Three crew members of the 61st expedition to the International Space Station (ISS) successfully landed in Kazakhstan on Thursday.
A capsule with Russian cosmonaut Aleksandr Skvortsov, U.S. NASA astronaut Christina Koch and Italian astronaut Luca Parmitano from the European Space Agency made touchdown in the Kazakh steppe 147 kilometers (91 miles) from the city of Jezkazgan, the Russian Mission Control Center said in a statement.
The landing went smoothly and the crew members' general physical and mental health is in good condition, it said.
During the 126-day expedition of the 61st expedition, Christina Koch set a new record for the longest continuous time in space by a woman, having remained on the ISS for 328 days and 14 hours. Koch began her stay on the ISS on March 14, 2019, with Expedition 59.
She also broke a record for the number of female spacewalks during one flight, completing six tasks in open space.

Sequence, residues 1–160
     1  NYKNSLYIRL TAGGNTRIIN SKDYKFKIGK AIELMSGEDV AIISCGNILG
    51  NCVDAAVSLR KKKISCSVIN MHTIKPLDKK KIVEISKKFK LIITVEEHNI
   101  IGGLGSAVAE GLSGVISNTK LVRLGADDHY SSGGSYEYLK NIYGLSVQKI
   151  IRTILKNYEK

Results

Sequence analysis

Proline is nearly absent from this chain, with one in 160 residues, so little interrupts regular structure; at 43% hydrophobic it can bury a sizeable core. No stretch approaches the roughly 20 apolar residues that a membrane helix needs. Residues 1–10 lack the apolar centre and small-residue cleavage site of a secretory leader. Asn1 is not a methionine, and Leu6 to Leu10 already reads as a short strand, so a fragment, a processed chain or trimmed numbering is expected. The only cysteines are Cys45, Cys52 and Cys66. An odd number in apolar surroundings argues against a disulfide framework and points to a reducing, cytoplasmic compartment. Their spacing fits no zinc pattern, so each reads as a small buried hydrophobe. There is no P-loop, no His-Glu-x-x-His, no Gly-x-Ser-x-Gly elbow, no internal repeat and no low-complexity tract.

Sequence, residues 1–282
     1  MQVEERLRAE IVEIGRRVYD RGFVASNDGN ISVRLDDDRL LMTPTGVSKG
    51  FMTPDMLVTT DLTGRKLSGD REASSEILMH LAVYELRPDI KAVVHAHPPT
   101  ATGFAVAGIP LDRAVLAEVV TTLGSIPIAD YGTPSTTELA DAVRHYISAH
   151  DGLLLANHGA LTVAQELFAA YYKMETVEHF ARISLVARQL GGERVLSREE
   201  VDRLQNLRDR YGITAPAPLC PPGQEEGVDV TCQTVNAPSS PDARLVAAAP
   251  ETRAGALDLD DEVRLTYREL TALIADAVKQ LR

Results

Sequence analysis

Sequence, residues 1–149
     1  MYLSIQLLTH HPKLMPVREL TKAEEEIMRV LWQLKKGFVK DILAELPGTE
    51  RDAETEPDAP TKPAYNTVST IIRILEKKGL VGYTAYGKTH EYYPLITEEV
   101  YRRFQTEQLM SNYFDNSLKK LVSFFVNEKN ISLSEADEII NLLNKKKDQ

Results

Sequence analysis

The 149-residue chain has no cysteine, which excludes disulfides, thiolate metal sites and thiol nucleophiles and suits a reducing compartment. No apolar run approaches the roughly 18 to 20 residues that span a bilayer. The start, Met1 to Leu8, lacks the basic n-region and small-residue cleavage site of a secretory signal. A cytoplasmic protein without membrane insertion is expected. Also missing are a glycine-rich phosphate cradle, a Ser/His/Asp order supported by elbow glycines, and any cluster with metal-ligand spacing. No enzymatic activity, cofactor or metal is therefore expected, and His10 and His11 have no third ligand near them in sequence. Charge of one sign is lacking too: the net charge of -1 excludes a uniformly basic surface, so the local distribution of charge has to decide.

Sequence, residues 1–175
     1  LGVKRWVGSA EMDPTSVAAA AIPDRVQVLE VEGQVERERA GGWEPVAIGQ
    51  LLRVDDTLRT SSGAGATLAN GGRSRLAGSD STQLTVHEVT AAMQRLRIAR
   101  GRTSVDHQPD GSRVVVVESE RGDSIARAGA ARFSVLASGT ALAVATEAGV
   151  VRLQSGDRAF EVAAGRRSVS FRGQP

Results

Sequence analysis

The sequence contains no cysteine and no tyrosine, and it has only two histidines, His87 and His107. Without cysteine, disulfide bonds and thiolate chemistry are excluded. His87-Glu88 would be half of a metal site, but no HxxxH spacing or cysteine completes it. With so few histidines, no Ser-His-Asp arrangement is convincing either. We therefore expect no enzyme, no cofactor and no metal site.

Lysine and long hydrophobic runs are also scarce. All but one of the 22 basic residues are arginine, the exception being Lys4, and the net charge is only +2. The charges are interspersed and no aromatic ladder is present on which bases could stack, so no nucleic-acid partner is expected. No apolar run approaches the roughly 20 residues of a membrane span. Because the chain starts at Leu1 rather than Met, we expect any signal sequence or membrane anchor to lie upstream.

Also, together with Jessica Meir, she took part in the first women all-female spacewalk on Oct. 18, 2019.
Aleksandr Skvortsov operated the first human-like robot, Fyodor, in space conditions. The robot worked with a screwdriver, docked electrical connectors, used equipment and answered questions from the crew.
Parmitano also carried out several spacewalks, during one of which he faced an emergency situation when 10 milliliters (0.3 ounces) of liquid accumulated in his spacesuit.
The crew managed to perform several experiments and studied the behavior of terrestrial bodies in space conditions.